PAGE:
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Officers carrying out high visibility patrols
Officers carrying out high visibility patrols

News -

Crackdown on violent crime during festive season results in 2,000 arrests

Officers from across the Met increased their activity to clamp down on violence as part of the ‘Winter Nights’ operation.

The five-week operation, which ran between 1 December and 9 January, resulted in:

111 knives removed from the streets;

66 other offensive weapons seized;

14 firearms recovered;

402 other illegal items, such as drugs, seized;

3,041 engagements, including community meetings and events with young people, where officers listened to local concerns and gave crime prevention advice;

385 licensing visits, to ensure these premises are a safe environment, helping to reduce night time economy crime;

2,048 arrests for various violence-related offences, including sexual offences.

These results were achieved by officers deploying to hotspot locations to tackle violence and robbery in the run up to Christmas. Officers flooded specific areas based on intelligence, and carried out proactive operations to prevent these crimes from happening in the first place.

There was a strong focus on tackling violence against women and girls and preventing predatory offending. High-visibility patrols were carried out to reassure local communities and protect the public, and officers worked alongside the newly-formed Town Centre Teams to target alcohol-related crime within the night time economy.

Officers also cracked down on high harm offenders, carrying out 95 arrest warrants, as well as conducting numerous weapon sweeps to find hidden or discarded weapons.

Commander Alex Murray, the Met’s violence lead, said: “The festive season can bring unique challenges to policing, however our top priority continues to be suppressing violence; stopping people getting hurt; and saving lives.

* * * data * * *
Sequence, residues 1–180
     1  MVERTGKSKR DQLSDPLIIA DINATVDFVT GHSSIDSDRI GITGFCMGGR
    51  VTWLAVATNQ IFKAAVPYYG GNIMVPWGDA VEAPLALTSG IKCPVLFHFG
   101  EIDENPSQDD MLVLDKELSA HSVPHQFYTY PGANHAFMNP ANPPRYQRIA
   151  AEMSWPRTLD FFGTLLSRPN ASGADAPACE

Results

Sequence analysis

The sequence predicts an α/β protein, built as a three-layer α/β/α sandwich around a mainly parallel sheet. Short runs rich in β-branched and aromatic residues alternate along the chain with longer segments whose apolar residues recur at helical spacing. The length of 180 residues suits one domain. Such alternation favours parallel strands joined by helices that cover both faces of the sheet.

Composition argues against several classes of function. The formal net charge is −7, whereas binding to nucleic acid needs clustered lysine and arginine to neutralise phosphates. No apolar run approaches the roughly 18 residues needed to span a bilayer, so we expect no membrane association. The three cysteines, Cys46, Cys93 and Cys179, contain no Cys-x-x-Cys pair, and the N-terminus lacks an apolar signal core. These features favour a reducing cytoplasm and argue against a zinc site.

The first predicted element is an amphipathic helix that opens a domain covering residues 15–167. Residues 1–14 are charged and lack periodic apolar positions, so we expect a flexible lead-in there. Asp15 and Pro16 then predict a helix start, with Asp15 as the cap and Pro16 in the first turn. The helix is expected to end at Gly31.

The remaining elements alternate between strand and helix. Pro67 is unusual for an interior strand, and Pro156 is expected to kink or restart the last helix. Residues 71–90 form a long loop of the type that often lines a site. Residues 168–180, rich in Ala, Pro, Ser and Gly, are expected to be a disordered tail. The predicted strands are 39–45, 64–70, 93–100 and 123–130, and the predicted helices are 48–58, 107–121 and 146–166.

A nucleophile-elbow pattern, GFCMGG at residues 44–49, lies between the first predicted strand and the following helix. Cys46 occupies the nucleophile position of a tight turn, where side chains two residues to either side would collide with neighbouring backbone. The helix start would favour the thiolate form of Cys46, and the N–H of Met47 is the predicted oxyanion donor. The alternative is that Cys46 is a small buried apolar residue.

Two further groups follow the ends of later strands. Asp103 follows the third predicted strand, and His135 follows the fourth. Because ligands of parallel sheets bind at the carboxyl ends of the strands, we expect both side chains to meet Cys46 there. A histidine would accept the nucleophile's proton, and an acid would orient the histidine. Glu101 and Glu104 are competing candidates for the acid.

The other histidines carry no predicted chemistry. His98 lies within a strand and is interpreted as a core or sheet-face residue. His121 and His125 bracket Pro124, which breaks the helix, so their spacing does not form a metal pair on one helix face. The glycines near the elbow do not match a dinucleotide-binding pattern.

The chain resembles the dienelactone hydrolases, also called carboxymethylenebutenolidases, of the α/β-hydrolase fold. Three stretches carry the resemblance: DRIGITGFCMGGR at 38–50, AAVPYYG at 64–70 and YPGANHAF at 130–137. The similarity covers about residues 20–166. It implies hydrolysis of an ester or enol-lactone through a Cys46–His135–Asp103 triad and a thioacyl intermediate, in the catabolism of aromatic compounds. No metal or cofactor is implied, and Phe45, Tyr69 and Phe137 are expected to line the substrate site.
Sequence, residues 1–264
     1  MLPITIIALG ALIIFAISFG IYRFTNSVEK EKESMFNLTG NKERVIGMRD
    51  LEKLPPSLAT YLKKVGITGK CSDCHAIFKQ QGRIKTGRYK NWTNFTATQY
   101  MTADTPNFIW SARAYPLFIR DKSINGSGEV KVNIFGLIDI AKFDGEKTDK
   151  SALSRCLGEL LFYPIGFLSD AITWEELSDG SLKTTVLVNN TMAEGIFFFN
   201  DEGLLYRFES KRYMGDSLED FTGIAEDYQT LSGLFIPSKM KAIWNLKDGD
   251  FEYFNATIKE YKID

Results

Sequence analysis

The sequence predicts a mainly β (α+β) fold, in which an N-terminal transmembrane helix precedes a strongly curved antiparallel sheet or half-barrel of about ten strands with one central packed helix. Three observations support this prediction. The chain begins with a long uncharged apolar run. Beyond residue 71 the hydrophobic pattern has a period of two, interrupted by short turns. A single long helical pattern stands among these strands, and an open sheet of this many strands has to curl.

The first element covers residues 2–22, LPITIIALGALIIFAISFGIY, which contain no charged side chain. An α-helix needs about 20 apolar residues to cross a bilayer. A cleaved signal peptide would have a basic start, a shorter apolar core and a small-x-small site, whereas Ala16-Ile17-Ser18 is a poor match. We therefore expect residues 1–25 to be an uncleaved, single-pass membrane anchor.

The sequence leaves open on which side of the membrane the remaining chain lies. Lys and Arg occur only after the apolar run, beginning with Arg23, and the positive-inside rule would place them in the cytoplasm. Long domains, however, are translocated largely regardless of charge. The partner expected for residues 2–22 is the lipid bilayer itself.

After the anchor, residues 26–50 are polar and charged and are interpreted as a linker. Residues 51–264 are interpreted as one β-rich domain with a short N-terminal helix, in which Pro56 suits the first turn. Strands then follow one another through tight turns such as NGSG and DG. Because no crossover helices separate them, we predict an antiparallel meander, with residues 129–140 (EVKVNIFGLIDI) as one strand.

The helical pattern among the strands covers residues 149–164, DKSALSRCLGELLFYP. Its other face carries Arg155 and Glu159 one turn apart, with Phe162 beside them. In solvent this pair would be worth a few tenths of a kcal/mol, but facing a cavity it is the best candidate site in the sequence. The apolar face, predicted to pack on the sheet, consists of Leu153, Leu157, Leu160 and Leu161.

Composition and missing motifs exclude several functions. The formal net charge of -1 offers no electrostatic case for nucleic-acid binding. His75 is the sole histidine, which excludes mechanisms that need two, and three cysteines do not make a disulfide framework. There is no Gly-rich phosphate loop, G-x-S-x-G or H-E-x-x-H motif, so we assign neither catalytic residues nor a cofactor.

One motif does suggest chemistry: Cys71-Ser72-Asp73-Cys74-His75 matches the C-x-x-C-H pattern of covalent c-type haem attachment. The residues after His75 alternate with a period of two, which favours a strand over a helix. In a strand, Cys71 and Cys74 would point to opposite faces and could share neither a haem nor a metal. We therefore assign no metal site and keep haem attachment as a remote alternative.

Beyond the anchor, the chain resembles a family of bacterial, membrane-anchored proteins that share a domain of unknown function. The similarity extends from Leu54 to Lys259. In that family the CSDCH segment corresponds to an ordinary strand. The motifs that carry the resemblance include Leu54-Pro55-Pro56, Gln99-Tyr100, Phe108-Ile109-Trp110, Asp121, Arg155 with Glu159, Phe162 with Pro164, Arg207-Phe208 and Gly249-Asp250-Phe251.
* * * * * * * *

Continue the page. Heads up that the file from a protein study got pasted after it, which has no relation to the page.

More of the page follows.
“Winter Nights was an extension of our ongoing activity, and last year we saw positive reductions across violent crime categories, including a 32 per cent decrease in knife crime*. We are absolutely determined to maintain that downward trend as we head into 2022.

“To help us achieve this, it is crucial that Londoners tell us, or the independent charity Crimestoppers, about any information they have about violent crime. We must all work together to stop violence and the devastation it causes to families and wider communities.”


*Last year, January to December 2021 (Calendar Year), compared to the same period prior to the pandemic in 2019, saw:

Homicides decrease by 13% (19 fewer victims)

Knife crime decrease by 32% (4,914 fewer offences)

Knife crime with injury decrease by 20% (790 fewer victims)

Knife Injury (victims under 25 and non-DA) decrease by 27% (456 fewer victims)

Personal robbery decrease by 44% (16,170 fewer victims)

Personal robbery knife injury decrease by 34% (186 fewer victims)

Gun crime decrease by 35% (741 fewer offences)

Lethal barrel discharges decrease by 21% (58 fewer offences)

Despite these reductions, we know there is more to do. Our determination to tackle these crimes remains strong and we will continue to work with our partners, and use every power and tactic available, to serve and protect our communities. 


If you have any information about knife crime, please contact police or Crimestoppers on 0800 555 111 – your anonymity is guaranteed. They are a totally independent charity and you remain 100 per cent anonymous, they never ask your name and they cannot trace your call, your IP address or device you use. Alternatively, visit their website

No detail you might have is too small - every bit of information helps towards the fight against violence in London. It can feel like a hard call, but it could save a life. If you are worried about someone you suspect may be carrying a knife or other weapon, advice and support is also available through organisations including Knife Free  Fearless:




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